Written and Directed by Scott Frank (based on the novel by Walter Tevis)
Starring: Anya Taylor-Joy, Bill Camp, Moses Ingram, Marielle Heller, Harry Melling, Thomas Brodie-Sangster, Marcin Dorocinski
The Queen's Gambit is long form television at its best. Based on the novel by Walter Tevis* the limited series breezes by over seven episodes, each approximately an hour long. Anya Taylor-Joy is a revelation as chess prodigy Beth Harmon, an intriguing, fictionalized character traversing through the 1960s. Going along with Beth on her journey is a rewarding experience as she perseveres through a myriad of challenges. Like Beth, the plot stumbles at times, but always lands on its feet.
The analogies between Chess and the Cold War go back to the very beginning of the era. Whether it was Herman Kahn or Henry Kissinger writing bestselling tomes on nuclear diplomacy or more literally during the 1972 World Chess Championship matches between Bobby Fischer and Boris Spaasky. Early in the series I was concerned Beth would end up being a female version of Fischer, especially when a Life Magazine reporter quizzes her with questions about chess prodigies being destined to lose their minds. But the story steers away from that direction. The 2014 film Pawn Sacrifice deals with Fischer, which I've also reviewed on this site.
A recurring theme is the tension between solitary life and one of connection. Beth comes of age in an orphanage after losing her mom and discovers chess. The custodian (Bill Camp) appears foreboding at first, but sees Beth's gift and teaches her the game. Jolene, an African American resident at the orphanage, becomes Beth's best friend and plays a key role towards the end. Beth also becomes addicted to tranquilizers, which were apparently administered to orphans during this era, but the drugs seem to clear her mind for chess. After becoming a local sensation after defeating the local High School team, Beth does not return to chess until High School after she's adopted by a middle-aged couple from Kentucky.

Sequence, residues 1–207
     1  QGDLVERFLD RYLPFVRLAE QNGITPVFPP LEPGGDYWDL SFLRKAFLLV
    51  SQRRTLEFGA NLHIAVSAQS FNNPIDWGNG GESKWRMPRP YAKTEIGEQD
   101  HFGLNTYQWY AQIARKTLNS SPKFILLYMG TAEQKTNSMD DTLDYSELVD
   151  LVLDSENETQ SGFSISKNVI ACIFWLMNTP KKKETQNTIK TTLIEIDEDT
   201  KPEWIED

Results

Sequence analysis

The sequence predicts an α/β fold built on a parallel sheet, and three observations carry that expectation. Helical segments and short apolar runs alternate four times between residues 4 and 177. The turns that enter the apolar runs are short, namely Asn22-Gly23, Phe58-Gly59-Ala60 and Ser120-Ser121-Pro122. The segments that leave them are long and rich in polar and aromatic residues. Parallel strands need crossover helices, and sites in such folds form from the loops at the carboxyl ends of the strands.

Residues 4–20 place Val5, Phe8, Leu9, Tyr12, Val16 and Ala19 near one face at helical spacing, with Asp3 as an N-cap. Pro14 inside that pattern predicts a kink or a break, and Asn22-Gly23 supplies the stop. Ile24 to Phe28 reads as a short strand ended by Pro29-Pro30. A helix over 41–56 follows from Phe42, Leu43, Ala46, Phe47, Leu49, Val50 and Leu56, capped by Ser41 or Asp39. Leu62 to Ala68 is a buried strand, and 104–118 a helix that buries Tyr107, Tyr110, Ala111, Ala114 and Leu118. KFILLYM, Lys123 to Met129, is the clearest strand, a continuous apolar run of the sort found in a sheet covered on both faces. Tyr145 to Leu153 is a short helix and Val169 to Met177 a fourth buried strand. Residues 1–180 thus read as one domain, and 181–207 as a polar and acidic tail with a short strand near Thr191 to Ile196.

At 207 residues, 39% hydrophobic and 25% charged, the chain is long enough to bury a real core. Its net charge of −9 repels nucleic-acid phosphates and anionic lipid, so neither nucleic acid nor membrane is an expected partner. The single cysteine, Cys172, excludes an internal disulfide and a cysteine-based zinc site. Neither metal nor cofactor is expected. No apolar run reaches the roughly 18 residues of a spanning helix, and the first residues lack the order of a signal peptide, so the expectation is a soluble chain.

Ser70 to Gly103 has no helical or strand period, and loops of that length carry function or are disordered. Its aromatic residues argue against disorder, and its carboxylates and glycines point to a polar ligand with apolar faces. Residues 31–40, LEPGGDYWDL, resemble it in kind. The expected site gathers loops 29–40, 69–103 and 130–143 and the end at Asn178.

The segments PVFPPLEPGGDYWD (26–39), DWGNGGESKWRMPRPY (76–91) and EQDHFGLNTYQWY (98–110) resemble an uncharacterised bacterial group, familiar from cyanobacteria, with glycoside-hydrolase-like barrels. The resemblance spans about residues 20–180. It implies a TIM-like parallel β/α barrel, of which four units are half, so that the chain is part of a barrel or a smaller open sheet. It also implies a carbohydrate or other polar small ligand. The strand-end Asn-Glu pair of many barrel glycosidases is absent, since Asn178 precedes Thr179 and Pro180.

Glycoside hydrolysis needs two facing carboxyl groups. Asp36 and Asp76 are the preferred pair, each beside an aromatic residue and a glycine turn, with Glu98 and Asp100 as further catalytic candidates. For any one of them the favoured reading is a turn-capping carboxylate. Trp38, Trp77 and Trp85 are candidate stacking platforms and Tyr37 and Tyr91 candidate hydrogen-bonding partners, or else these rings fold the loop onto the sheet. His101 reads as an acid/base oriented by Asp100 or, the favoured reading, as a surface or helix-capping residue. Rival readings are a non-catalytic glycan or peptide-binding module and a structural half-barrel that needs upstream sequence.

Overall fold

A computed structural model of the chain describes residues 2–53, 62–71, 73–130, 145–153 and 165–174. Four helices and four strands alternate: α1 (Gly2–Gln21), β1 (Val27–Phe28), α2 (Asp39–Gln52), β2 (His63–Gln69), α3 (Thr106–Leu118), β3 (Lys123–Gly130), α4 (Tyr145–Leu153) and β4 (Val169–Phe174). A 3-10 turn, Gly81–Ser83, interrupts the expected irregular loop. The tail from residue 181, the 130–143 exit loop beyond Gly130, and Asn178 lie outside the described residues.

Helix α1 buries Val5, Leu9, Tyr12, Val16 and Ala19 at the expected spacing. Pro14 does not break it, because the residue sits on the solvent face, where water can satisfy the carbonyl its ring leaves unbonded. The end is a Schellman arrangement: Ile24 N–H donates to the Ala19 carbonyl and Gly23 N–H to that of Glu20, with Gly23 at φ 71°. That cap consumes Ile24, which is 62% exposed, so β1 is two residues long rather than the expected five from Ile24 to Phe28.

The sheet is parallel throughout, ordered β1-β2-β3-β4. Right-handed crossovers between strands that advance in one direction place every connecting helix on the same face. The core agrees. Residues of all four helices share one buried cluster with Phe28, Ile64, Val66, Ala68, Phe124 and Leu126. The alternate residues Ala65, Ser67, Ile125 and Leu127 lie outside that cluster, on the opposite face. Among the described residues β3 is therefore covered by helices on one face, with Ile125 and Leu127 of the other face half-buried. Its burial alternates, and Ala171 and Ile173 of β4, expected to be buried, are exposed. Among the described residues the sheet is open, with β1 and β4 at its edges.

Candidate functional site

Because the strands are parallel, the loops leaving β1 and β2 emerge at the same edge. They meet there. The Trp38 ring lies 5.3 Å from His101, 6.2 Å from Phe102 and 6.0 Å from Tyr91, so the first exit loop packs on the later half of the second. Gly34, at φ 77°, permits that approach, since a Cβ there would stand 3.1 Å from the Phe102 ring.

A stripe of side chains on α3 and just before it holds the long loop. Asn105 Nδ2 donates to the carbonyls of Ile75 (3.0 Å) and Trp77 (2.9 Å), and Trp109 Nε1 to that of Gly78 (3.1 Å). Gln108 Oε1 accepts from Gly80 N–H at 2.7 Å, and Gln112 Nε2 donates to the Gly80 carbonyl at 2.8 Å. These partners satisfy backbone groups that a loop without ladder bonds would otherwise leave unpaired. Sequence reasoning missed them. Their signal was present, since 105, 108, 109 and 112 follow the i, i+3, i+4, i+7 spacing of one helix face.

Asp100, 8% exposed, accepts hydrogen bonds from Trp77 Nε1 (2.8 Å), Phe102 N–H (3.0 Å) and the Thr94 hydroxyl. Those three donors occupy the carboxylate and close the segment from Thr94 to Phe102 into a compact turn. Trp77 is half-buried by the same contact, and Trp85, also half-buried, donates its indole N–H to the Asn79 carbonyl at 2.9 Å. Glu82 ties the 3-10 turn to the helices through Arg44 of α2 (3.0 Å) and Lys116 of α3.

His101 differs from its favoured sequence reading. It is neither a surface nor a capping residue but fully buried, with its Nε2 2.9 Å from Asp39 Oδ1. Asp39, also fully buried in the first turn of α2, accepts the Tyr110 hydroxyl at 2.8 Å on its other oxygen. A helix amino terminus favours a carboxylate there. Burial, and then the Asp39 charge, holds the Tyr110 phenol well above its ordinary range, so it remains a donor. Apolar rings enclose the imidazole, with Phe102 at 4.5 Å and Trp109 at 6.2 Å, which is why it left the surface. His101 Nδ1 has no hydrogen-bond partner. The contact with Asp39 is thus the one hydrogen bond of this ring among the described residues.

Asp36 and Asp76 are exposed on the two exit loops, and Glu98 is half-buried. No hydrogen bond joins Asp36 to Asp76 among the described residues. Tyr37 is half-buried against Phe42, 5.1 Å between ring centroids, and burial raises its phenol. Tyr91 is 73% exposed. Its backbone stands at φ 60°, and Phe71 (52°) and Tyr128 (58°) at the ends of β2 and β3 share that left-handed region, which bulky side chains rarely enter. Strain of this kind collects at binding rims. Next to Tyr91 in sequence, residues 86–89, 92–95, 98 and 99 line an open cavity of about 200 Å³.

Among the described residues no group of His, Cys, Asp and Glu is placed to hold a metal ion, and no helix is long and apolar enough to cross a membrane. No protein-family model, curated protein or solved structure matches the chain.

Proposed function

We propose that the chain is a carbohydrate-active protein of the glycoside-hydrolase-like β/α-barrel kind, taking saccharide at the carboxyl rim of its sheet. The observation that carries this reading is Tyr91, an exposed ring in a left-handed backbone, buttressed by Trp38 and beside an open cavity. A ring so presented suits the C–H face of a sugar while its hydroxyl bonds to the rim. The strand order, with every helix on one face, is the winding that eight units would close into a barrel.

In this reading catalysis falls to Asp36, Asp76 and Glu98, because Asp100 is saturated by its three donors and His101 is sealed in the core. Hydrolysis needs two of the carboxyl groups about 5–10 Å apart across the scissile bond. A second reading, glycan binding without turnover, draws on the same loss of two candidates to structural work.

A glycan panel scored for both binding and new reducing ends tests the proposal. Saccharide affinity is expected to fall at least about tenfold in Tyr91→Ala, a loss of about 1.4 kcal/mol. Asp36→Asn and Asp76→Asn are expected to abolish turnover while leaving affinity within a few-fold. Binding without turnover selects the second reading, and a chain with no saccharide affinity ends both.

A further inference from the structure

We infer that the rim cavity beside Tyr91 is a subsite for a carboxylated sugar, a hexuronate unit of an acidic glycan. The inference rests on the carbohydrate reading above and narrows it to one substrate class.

Socially isolated at school, Beth joins the chess club and swiftly decimates all the local competition. In time Beth bonds with her adoptive Mom Alma (Heller) as they pool their resources and become travel companions. Beth takes the chess world by storm. Typically, the only female competing at tournaments, she navigates through the male dominated world and develops relationships along the way with socially awkward Henry (Beltik) and flamboyant U.S. champion Benny (Brodie-Sangster) (with a persona somewhere between Leonardo Di Caprio and D.J. Qualls.) Polish actor Marcin Dorocinski is also memorable as the Soviet champion "Borgov" who's mere presence says wonders in an almost silent performance, who, in the words of Beth, plays chess "like a bureaucrat." All these relationships evolve and payoff by the end.
As the 1960s swing into gear Beth moves along with the changes. Taking style points from a composite of iconic figures ranging from Ann Margaret, Edie Sedgwick, and Nico as she becomes a confident adult. Beth navigates through creative inertia, drinking binges, and eventually achieves a balance (with a little help from her friends.) While the story does build to conventional confrontation with her Soviet rival, every moment of it is earned.
Chess matches, not the most cinematic activity, are always suspenseful and fast paced. Steven Zaillian's underrated 1994 film Searching for Bobby Fisher about a child prodigy was an obvious influence. Yet chess remains in the background, the focus is always on the relationships. The set designs are memorable, a recreation of the 1960s bordering on fantastical. Musically the choices are never overbearing as many films covering this era can be, "Venus" by Shocking Blue is used memorably. Anchored by a charismatic lead performance by Anya Taylor-Joy, The Queen's Gambit is a masterclass of storytelling.
(Tony Macklin's review provides valuable background and insight on the writings of Walter Tevis),